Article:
Today almost everyone has seen inside a real human body. We have access to an incredible array of visual resources: high-resolution photographs, x-rays, MRI scans, videos of surgical procedures, and even the cryogenic slices of the Visible Human Project. But throughout most of history there were only a few options - viewing bodies in real life, which was generally not very pleasant and sometimes illegal; as expensive hand-made models; and as illustrations. Among the most interesting of anatomical texts from this period are flapbooks. Rather than depicting the body statically as in most book illustrations, they are an attempt to create a deeper understanding of organ systems as they relate to each other in three dimensions, with the viewer an active participant who "dissects" the body by opening the flaps.
The beautiful flapbook which just arrived in our shop, Anatomie de la Femme, was published around 1900 in Paris by Vigot Frères, a firm that specialised in medical books and also published a corresponding male anatomy. Although flapbooks had appeared as early as the 1500s, their golden age was in the late 19th and early-20th centuries. New printing technologies made it easier and less expensive for publishers to produce detailed colour illustrations. Suddenly, texts that had been accessible only to specialists were being printed in vibrant chromolithographs for the mass market, and a variety of attractive flapbooks made their appearance.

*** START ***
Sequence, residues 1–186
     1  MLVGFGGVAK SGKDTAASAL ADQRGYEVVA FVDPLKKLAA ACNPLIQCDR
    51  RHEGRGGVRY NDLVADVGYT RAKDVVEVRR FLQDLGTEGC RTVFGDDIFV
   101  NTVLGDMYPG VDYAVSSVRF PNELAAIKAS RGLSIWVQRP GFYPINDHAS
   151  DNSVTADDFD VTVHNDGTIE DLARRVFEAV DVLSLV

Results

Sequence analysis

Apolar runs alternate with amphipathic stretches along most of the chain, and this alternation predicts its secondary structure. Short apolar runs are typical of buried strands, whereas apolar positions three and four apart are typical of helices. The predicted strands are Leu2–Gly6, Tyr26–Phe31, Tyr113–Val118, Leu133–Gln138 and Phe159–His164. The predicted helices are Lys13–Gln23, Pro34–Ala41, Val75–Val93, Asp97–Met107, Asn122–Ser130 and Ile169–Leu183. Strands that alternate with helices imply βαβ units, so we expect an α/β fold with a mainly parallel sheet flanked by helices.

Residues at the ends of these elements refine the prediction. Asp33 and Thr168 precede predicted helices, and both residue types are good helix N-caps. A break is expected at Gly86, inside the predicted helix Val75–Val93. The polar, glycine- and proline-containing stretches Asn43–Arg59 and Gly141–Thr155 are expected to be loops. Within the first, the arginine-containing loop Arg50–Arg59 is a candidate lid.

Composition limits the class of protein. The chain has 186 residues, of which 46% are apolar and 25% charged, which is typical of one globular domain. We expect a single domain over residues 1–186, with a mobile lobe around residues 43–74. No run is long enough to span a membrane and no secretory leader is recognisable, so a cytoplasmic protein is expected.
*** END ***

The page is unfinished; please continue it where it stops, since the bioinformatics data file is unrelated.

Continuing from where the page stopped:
These were delicate and ephemeral publications, often heavily used as educational tools. Few survived intact to the present day, and examples in such lovely and fresh condition as this one are distinctly uncommon. A global library search yields only two copies of this edition in France, at the Bibliothèque Nationale and the Bibliothèque interuniversitaire de santé, and one at UC San Francisco.
The figure in Anatomie de la Femme is composed of three large, double-sided flaps and a very complex series of smaller flaps. It encompasses the complete female anatomy, from the outer body to the internal organs, circulatory system, musculature, skeleton, nervous system, and reproductive organs (both with and without a fetus), and each part numbered to be identified by the key provided. In the images below I go through the body from first to last (though I don't open all the complicated internal organs). Have a good look - the illustrations are wonderful, and I really like the expression on the face of the last figure, which seems to be taking its state as a disembodied brain and nervous system very seriously.